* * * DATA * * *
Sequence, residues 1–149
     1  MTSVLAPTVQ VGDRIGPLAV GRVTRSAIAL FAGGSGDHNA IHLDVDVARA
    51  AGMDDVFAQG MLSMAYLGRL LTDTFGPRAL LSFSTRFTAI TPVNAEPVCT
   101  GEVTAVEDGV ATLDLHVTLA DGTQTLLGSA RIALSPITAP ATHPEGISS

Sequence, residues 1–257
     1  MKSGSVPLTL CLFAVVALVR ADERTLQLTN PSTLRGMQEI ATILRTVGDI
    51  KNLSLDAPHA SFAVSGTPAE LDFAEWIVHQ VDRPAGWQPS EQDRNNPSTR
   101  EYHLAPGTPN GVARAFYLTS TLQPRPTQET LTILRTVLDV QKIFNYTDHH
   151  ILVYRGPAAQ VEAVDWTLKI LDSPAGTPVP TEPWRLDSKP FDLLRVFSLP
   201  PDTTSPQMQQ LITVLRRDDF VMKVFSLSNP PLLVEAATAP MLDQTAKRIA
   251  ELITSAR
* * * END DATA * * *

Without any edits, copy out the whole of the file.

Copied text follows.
Sequence, residues 1–149
     1  MTSVLAPTVQ VGDRIGPLAV GRVTRSAIAL FAGGSGDHNA IHLDVDVARA
    51  AGMDDVFAQG MLSMAYLGRL LTDTFGPRAL LSFSTRFTAI TPVNAEPVCT
   101  GEVTAVEDGV ATLDLHVTLA DGTQTLLGSA RIALSPITAP ATHPEGISS

Sequence, residues 1–257
     1  MKSGSVPLTL CLFAVVALVR ADERTLQLTN PSTLRGMQEI ATILRTVGDI
    51  KNLSLDAPHA SFAVSGTPAE LDFAEWIVHQ VDRPAGWQPS EQDRNNPSTR
   101  EYHLAPGTPN GVARAFYLTS TLQPRPTQET LTILRTVLDV QKIFNYTDHH
   151  ILVYRGPAAQ VEAVDWTLKI LDSPAGTPVP TEPWRLDSKP FDLLRVFSLP
   201  PDTTSPQMQQ LITVLRRDDF VMKVFSLSNP PLLVEAATAP MLDQTAKRIA
   251  ELITSAR